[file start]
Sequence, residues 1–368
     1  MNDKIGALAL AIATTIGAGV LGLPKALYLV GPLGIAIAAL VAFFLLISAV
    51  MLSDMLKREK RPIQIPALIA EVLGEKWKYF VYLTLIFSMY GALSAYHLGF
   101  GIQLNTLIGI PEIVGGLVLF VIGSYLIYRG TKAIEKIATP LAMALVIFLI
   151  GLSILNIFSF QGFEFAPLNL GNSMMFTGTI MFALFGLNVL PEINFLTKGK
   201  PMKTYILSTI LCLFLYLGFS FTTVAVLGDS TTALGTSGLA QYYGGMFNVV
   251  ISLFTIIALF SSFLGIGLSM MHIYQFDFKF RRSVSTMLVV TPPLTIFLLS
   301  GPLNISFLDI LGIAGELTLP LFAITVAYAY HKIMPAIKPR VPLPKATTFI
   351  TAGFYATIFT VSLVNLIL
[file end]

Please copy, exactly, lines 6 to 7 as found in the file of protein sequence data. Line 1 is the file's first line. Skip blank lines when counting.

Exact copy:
   201  PMKTYILSTI LCLFLYLGFS FTTVAVLGDS TTALGTSGLA QYYGGMFNVV
   251  ISLFTIIALF SSFLGIGLSM MHIYQFDFKF RRSVSTMLVV TPPLTIFLLS